~ Diane Clark

I believe that if the introduction is done correctly that most will learn to deal with each other whether they are male or female. I always impress to my pack that I am the leader and my rules are to be obeyed. Working them together, feeding together and playing together and also sleeping as one is good for them to learn to get along. Also introducing them in a neutral zone is a must!

~ Anita Elias

I thought I had a pit bull, but then I DNA tested her and turns out that she is a dachshund according to the DNA people. My sister’s dog who looks very similar to mine came back with bull dog and terrier. (BSL is such a dangerous thing and people need to know that even the DNA test can be wrong!) We introduced the two by meeting with both on a leash and walking them for about an hour before we stopped and let them greet each other. They have been the very best of friends right from the start even though my dog is extremely dog aggressive toward other dogs. She used to be friendly to other dogs and had a bad experience at a local dog park. Her trainer says that dog parks are terrible and we will work through her problem because she is a “work in progress.”

~ Cindy Newburg

I hired a trainer to help with my youngest dog’s reactivity and was so inspired that I became a trainer myself. I am currently working on getting my CPDT-KA and a PhD in humane education. I’m also an event coordinator for local rescues in addition to working full time. I’m tired a lot. LOL!

~ Diane Clark

I currently have only one, but have fostered before and my biggest tip is easily this: LEADERSHIP; Firm, but positive leadership. You can’t do much else if you don’t have that component.

~ Cassie-Leigh Stock

I have a male and female. The female is the one I have to watch for going over the line with her temper. She is just learning, but has lunged at both of my other dogs and both of my cats. It’s always about high value foods/treats. I see it as my job to keep all the animals safe so they’ll trust me and feel secure at home. So, I always make sure I notice what’s going on, especially when I open the dog food cabinet. I insist on structure during meals. The female has to sit quietly in a hula hoop when she’s waiting for her food. The other dogs also have to sit or lay quietly to wait for food. It’s also important to re-direct them if they start to play too rough.

~ Joan Widdifield

I work with mine one at time and walk one at a time and then two at a time and switch it up. I find feeding time together supervised makes getting along later much better.

~ Craig A Flood

I have three females and two males currently. I’ve had as many as five females at one time. I micro-manage them, never leave them alone un-supervised and obedience train them so they are more strongly bonded to me than anyone else! It helps to have lots of knowledge and experience with dogs and dog-dog interactions! And exercise, exercise, exercise!! Structured mental and physical stimulation of course! I’m also very consistent with their schedule and the order in which everyone gets everything. That way everyone always knows what to expect.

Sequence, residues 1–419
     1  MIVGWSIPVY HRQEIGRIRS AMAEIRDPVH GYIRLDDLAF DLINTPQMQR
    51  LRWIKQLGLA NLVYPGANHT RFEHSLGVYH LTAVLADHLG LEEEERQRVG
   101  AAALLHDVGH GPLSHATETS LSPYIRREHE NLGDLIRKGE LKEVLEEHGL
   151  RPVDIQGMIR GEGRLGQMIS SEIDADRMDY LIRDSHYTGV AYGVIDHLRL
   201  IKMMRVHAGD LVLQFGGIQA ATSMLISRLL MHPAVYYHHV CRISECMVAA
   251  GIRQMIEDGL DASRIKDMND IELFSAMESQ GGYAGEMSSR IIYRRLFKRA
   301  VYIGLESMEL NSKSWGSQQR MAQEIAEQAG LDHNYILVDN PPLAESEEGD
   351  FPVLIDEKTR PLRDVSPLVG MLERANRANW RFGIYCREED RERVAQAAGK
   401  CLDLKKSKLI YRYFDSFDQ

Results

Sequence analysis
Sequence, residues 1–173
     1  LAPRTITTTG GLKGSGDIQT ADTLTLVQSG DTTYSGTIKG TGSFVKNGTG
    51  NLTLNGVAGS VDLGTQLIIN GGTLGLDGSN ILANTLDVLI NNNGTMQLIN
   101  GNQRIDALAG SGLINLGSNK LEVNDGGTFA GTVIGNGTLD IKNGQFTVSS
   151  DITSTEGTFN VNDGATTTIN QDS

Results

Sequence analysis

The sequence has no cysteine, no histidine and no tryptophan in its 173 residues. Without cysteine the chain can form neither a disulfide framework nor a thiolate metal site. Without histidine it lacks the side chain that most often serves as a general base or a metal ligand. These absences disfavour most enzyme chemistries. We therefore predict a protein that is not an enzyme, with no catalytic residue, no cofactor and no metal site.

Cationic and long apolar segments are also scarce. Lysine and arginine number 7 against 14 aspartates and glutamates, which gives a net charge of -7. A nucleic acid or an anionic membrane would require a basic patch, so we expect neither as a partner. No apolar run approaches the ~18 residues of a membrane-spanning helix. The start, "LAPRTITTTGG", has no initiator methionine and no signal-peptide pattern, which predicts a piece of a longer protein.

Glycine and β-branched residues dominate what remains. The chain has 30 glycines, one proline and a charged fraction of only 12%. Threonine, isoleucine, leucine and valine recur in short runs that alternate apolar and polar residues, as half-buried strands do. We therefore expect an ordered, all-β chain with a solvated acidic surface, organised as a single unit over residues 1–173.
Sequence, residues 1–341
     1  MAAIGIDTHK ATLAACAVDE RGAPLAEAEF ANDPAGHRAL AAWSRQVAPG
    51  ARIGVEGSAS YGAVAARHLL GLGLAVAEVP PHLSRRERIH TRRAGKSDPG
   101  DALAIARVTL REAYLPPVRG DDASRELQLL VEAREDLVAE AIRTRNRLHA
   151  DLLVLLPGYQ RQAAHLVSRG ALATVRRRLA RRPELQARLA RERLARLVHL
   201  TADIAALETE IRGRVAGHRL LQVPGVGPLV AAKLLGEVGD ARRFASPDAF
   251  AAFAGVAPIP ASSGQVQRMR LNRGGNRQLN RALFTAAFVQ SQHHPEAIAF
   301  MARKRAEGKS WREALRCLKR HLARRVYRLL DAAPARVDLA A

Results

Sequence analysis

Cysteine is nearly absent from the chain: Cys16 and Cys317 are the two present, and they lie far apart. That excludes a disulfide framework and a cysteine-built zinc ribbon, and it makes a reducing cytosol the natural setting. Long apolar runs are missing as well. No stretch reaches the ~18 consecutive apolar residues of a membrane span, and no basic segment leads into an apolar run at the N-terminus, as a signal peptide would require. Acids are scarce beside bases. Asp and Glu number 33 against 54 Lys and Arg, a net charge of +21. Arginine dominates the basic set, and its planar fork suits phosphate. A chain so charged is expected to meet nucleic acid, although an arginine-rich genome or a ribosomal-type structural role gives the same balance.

~ Jessi Sherick

I have one male pit, three females, a rat terrier mix, various foster dogs (all sizes and genders and breeds), and four cats. All get along beautifully (which I feel is due to time and patience and consistency, along with a no-nonsense leadership approach), but when they can’t be supervised (if I’m at work), they all have their own “bedroom” and/or crate space (I use really large crates, great dane size, so they can really feel at home). I’ve been fostering for nine years, ever since my male pit was a pup. Over 150 dogs have come through during that time, and I’ve never had any major issues (unless you want to talk about my rat terrier, now she’s a horse of a different color, LOL).

~ Tami DErrico

We have two females – yes it can be done! And one bull mastiff/boxer male, but he thinks he’s a pit bull and he loves his sisters! All three are rescues. It’s all about calm energy. Even though we have a clear alpha female, I’m the pack leader and everyone gets on just fine. Define boundaries early, reinforce often and equal love for all.

~ Kelly Citrin

I have two pets (10 year-old-male, 3 or 4 year-old female) and the occasional foster dog. I believe in and follow: a one-to-two week period of separation between foster and pets; long, slow introductory period with supervised interaction; obedience training from day one; constant awareness and immediate redirection if dog’s body language indicates a problem. I really like fostering as a way to see if a dog is going to work in my household–if things work out, we can adopt, but if there’s an issue, it’s only temporary and still a win-win situation for all. Through fostering, I’ve learned a lot about both my own and my pet dogs’ preferences and dislikes, and I’ve acquired valuable hands-on experience with dogs of various shapes, sizes, temperaments and medical conditions.

~ Jennifer Thomas

My house includes seven dogs: three fellas and four ladies. I’d like to say my parents picked dogs who fit in with our existing pack, but we all know the way dogs behave in a shelter (stressful!! unnatural!) is often very different than how they behave at home. So I guess we just figure it out as we go along, making sure everyone is safe, but also making sure everyone gets a chance to figure stuff out. We don’t go by “breed standards” to learn about dog behavior because the pug is the only one we know for sure. I guess that’s my #1 tip: If you know what breed your dog is (i.e., you have pedigree papers and you know his lineage), then you can use “breed traits” as one of MANY tools to get to know your dog. But if you’re like us, and your dogs come from shelters and don’t have papers, then you have no choice but to get to know each dog as an individual!